A holistic approach to security
Here's a thought provoking piece from Mike O'Neil, MD at Optimal Risk, read on below and find out further information at City Security Magazine
As a physical security practitioner can you honestly say that you and your organisation approach security in an integrated way to keep across developing threats?
Or do you stay in your lane and leave the IT department to do their own thing?
Security departments must be more open to dealing with threats holistically rather than through their own historical lens.
One solution is to take an Enterprise Security Risk Management (ESRM)* approach, which according to Brian Allen and Rachelle Loyear in their book, The Enterprise Security Risk Management, is: “the application of fundamental risk principles to manage all security risks – whether related to information, cyber, physical security, asset management, or business continuity – in a comprehensive, holistic, all-encompassing approach”.
This holistic approach is important because it ensures you understand not only how physical vulnerabilities can risk the security of the network, but also how network vulnerabilities could impact your physical security systems. Some of the targeted attacks that interfere with your systems could be in support of a physical attempt to access your network or workstations.
For example, Access Control Systems using RFID readers are at risk of the employees’ cards being cloned via devices readily available on the internet. A cloned card will provide access to all areas of the building that your real employee has. If they are a member of the IT department this could include your server room.
If you Google “watch live security cameras in the UK” you will find a site offering views from over 250 cameras in the UK, as well as views from over 100 countries. In 2018 it was showing live views from three schools in the UK. Hackers will use software such as Angry IP or websites like Shodan to scan for the IP addresses of visible cameras or NVRs. They will often try the manufacturer’s default password first to see if a lazy installer has left this in place. If that does not work hackers will work with specially developed exploit tools to gain access.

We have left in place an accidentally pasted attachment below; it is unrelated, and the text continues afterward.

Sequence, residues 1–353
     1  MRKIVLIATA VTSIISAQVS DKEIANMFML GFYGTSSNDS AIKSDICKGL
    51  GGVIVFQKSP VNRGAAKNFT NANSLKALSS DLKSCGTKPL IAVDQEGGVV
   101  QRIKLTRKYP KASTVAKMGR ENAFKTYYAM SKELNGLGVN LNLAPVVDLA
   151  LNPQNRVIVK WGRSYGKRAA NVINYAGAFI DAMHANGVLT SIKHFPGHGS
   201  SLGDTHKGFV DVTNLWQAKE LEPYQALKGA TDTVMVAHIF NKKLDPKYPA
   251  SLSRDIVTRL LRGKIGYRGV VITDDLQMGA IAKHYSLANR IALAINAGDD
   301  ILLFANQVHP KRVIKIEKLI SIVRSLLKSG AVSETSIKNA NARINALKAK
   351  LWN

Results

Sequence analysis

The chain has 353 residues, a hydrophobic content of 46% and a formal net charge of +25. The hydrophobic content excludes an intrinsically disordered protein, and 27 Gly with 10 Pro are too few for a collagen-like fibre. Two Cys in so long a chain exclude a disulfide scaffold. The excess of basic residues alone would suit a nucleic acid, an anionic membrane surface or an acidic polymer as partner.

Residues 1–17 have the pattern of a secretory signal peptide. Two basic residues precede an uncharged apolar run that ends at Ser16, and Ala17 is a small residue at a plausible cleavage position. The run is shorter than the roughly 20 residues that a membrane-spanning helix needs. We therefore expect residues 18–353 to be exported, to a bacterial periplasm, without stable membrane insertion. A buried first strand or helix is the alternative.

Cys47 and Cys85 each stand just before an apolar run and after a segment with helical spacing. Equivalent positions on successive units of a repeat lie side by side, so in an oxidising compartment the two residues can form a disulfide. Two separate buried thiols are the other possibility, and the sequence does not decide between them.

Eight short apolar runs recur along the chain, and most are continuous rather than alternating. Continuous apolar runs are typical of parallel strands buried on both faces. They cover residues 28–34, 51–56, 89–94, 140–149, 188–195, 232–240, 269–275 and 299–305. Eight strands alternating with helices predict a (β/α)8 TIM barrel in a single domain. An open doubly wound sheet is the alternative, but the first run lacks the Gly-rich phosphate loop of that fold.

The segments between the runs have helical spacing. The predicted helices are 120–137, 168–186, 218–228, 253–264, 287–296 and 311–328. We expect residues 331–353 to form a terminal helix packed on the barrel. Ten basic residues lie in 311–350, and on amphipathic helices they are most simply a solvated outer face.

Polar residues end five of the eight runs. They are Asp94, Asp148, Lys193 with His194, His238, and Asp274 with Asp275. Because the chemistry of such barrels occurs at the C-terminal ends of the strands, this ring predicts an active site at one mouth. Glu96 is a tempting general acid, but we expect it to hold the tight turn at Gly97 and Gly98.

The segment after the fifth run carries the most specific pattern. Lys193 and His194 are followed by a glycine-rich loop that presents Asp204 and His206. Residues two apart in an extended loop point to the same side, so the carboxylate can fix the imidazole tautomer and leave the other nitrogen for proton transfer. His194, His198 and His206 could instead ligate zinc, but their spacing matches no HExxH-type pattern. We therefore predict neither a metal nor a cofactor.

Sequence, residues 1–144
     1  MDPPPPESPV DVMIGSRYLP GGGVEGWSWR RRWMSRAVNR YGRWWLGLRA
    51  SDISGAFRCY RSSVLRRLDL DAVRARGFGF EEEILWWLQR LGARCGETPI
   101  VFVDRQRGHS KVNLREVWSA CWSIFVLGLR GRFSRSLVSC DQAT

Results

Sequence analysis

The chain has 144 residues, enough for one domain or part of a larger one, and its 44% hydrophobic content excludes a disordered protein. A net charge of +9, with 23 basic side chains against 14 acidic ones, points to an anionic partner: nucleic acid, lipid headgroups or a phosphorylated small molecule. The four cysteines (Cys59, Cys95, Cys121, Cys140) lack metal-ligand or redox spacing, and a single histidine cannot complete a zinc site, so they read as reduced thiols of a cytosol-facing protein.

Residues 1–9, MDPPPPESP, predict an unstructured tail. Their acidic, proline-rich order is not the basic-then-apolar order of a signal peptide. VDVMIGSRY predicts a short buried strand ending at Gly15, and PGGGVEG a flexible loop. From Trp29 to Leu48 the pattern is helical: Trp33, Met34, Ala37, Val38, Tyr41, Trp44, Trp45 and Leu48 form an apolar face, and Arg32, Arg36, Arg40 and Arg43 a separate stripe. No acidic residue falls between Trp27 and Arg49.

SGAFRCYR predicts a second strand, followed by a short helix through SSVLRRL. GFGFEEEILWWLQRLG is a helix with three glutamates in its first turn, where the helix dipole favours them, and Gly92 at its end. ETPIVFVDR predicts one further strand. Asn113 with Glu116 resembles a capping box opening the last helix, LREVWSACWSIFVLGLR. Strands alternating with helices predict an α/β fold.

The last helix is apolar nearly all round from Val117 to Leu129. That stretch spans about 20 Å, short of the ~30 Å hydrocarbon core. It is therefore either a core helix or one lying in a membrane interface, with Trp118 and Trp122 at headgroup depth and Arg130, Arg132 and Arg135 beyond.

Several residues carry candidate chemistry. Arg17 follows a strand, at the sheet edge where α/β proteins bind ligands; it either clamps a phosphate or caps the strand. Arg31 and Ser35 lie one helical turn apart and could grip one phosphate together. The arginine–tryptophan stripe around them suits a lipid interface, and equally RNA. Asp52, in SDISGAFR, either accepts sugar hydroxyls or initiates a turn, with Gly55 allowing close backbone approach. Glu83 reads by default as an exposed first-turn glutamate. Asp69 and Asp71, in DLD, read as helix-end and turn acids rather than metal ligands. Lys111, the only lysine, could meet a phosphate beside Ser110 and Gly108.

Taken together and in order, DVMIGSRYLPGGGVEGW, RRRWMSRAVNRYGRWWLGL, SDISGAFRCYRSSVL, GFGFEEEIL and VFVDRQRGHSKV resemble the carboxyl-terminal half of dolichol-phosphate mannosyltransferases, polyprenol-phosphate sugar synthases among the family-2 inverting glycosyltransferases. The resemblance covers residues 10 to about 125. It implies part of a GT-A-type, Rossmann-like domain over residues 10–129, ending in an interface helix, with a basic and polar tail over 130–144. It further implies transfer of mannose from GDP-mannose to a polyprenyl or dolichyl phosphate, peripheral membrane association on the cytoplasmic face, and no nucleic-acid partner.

Improvements in IT security have resulted in increased reports of hackers attempting physical intrusion to organisations’ facilities to gain access to their networks. There are many variations on this, from straightforward walk-ins to more developed pretext approaches to gain “legitimate” access. Once on site, access to workstations will allow malware or monitoring devices to be placed. Given enough time onsite, (reportedly four hours), a hacker could break into the corporate Wi-Fi.
With the COVID-19 situation, we have seen a huge surge in home working. It is probable that your IT department has ensured colleagues are working through VPNs rather than logging on directly to minimise the danger of their home network being hacked. This is particularly important for those employees who may be working on very sensitive projects. They should also be ensuring that security updates are installed.
There are other security factors which need to be considered with home working such as secure disposal of any documents that may have been printed out. Depending on the sector you operate in, this could involve your price sensitive or secret information going into domestic rubbish. There is also the danger of GDPR breaches either in hard copy or by unauthorised family and friends potentially seeing on-screen information.
Encouraging the right security culture amongst all the workforce is a great way to improve enterprise security. By understanding what is wrong and knowing whom to report it to when they spot it, the effectiveness of the organisation’s overall security stance will be improved. It is important for the security team to be a key part of any induction process and to start introducing the right culture early on. Your marketing department may already be monitoring social media internally or by using an external agency. Liaise with them so they can include certain words or phrases that could give you early warning of developing threats against your organisation.
All of these points are about looking ahead and assessing the events that could happen and not just relying on the traditional security mindset of protecting against what has happened historically. To be truly effective this needs to happen across the enterprise and there is a strong case for this to start in the security department. Reach out to your colleagues in IT to better understand each other’s concerns and mitigation strategies.
I would also advocate developing a risk register that is regularly reviewed and updated. By making this a dynamic and relevant document you will develop a more efficient and prepared organisation.
*If you are interested in learning more about ESRM, visit the ASIS website.